One of the extremely helpful things in his collection is an organizer of Twitter chats arranged by time and subject, helping participants to find chats easily. His website, Cybraryman.com curates this and other critical educational information, cataloguing over twenty-thousand pieces for parents, students, teachers and educational leaders—in short, it’s one-stop shopping for all stakeholders in education.
Another person I have encountered on several chats is author, literacy expert, and educational coach Christopher Lehman. Lehman, who himself teaches and dedicates his time to helping other teachers, is a senior staff developer at the Teachers College Reading and Writing Project at Columbia University. He has authored and co-authored several works on Common Cores, teaching, and literacy as well as other topics which he also addresses on his blog. You will find Lehman contributing to Tweet chats under the handle @ichrislehman.
I recently crashed a #Satchat where I was able to encounter some truly inspirational educational leaders. Here’s my confession–#satchat is a chat for administrators. I’m not an administrator, but I’ll hang with the visionaries if it’ll give me some good ideas. The topic of this week’s chat was “ways to recognize teachers and students,” led by Scott Rocco. Rocco is an Assistant Superintendent and adjunct professor who, in addition to co-moderating #satchat, authors an excellent blog, Evolving Educators which discusses topics from global educational leadership to technology.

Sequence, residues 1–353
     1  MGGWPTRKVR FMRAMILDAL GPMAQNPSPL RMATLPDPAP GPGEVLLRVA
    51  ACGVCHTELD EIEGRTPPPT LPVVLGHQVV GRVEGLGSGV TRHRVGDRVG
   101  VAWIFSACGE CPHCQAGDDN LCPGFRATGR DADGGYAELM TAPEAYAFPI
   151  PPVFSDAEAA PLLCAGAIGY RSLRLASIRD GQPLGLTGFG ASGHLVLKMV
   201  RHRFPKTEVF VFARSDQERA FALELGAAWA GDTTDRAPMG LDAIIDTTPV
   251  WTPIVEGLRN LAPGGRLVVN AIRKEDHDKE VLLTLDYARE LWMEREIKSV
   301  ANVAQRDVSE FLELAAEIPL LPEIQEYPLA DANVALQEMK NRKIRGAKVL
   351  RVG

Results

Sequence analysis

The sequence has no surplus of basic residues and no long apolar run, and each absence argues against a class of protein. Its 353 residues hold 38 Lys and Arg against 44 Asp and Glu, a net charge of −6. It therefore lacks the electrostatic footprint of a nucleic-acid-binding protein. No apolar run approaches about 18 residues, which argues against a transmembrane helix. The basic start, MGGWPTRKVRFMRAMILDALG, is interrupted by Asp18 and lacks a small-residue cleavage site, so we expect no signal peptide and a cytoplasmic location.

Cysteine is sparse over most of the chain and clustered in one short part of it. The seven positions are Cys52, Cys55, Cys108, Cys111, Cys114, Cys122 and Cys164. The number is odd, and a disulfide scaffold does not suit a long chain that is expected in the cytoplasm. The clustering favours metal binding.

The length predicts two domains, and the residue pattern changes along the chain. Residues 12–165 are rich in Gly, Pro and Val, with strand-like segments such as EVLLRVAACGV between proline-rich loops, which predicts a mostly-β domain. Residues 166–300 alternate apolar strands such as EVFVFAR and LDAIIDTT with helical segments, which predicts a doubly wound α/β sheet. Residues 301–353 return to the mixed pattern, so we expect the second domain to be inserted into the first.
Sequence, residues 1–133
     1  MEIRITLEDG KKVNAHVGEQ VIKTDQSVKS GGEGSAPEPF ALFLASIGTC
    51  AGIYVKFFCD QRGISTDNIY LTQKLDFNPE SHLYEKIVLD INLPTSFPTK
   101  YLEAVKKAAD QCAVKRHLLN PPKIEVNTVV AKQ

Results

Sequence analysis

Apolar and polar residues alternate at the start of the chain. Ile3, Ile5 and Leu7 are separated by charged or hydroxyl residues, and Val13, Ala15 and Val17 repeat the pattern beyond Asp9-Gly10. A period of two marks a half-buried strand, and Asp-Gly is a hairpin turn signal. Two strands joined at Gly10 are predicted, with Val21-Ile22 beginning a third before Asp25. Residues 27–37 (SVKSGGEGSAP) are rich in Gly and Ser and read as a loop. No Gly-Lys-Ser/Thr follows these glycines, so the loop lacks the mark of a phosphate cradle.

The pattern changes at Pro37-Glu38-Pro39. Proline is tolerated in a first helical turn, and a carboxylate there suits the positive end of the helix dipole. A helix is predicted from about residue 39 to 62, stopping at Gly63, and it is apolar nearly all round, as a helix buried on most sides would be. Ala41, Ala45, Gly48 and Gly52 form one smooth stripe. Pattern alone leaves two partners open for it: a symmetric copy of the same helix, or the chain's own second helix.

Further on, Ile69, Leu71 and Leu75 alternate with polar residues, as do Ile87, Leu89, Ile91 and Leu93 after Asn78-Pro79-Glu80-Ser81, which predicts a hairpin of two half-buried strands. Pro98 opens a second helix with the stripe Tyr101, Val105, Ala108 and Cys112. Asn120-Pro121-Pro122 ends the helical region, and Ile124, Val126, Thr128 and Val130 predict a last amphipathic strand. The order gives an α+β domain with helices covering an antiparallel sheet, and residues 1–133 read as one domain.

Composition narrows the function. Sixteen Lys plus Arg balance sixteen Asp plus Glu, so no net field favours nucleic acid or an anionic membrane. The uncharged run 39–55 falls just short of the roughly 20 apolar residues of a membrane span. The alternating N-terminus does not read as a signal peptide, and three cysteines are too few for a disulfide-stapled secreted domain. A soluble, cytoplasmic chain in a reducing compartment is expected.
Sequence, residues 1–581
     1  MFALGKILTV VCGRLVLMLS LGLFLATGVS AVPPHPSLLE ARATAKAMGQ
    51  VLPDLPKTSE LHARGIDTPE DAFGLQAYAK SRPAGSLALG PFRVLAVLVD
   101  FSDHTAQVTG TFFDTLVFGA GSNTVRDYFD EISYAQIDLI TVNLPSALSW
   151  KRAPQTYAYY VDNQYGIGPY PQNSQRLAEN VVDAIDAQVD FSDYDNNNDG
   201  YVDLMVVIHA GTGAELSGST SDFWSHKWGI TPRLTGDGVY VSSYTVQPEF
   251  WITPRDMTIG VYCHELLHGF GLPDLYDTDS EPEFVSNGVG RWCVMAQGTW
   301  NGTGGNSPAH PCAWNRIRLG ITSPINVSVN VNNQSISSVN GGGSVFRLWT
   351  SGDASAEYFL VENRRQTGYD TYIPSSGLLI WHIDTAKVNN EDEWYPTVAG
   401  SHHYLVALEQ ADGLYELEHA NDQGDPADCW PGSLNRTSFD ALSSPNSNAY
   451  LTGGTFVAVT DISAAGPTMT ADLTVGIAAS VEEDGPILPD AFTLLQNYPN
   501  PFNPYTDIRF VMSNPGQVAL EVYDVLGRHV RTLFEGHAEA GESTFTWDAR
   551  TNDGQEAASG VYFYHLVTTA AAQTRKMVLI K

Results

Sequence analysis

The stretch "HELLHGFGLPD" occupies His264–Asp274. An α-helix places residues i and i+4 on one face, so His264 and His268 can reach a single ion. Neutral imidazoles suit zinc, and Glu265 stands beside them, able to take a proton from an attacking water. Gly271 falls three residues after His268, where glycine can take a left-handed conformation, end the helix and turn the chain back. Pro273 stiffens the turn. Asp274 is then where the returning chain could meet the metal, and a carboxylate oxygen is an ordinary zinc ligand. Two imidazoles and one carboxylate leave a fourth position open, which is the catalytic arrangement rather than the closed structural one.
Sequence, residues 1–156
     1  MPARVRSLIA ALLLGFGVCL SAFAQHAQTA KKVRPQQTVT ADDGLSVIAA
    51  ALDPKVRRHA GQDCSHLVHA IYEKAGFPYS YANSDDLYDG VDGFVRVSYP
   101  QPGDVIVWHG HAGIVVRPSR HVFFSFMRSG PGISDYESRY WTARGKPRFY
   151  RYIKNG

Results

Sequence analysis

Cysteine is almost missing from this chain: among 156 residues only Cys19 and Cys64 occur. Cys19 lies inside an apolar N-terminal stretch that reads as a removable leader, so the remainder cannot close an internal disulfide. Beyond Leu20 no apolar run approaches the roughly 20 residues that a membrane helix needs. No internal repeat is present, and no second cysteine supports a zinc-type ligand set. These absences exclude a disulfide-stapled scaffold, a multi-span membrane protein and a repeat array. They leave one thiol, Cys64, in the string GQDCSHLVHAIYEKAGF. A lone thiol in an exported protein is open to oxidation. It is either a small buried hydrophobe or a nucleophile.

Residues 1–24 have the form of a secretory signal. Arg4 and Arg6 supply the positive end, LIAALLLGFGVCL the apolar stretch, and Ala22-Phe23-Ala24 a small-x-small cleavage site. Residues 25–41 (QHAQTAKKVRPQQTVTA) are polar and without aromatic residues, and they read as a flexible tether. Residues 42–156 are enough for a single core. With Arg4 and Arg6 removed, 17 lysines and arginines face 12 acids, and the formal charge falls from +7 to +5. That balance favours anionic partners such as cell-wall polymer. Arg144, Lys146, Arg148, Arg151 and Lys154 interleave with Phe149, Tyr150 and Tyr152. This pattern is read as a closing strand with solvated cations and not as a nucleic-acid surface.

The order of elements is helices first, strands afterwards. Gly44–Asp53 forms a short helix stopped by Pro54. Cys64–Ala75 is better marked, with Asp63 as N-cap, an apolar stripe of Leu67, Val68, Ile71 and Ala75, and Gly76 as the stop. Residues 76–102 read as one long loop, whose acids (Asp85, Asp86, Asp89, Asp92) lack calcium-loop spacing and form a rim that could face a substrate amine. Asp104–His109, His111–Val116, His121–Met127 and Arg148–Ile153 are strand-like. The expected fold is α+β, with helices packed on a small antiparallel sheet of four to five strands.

A surprise connection I made through the #satchat, who is also featured on Scott Rocco’s blog, was Principal Salome Thomas-El. He is one of the public inspirations to whom I turn when I need to refocus myself on how and why I teach. Principal Thomas El’s students have traveled the nation defeating world leaders and dignitaries in chess—a game he uses to teach critical life strategies like thinking ahead, planning, and the use of analytical skills. His blog, The Principal, keeps me thinking. Additionally, he can be found on national TV shows like Dr. Oz stepping in to make a difference in the lives of families. Principal Thomas El co-authored the books The Immortality of Influence: We Can Build the Best Minds of the Next Generation and I Chose to Stay, a memoir about his experiences teaching in inner city Philadelphia.
These are just a few of the masked Twitterheroes of the cyberworld seeking to change the face of education. The beauty of these Twitter chats is that we can all interact with them, get advice from them, and offer thoughts of our own. This is the true essence of collaboration, and thanks to Twitter chats, I am doing a lot more of it.
Add Your Superheroes!
Want to share the love for someone not mentioned in this article? There’s certainly no shortage of amazing tweeters out there so be sure to mention them down in the comments!
Image courtesy: The Heavy Chef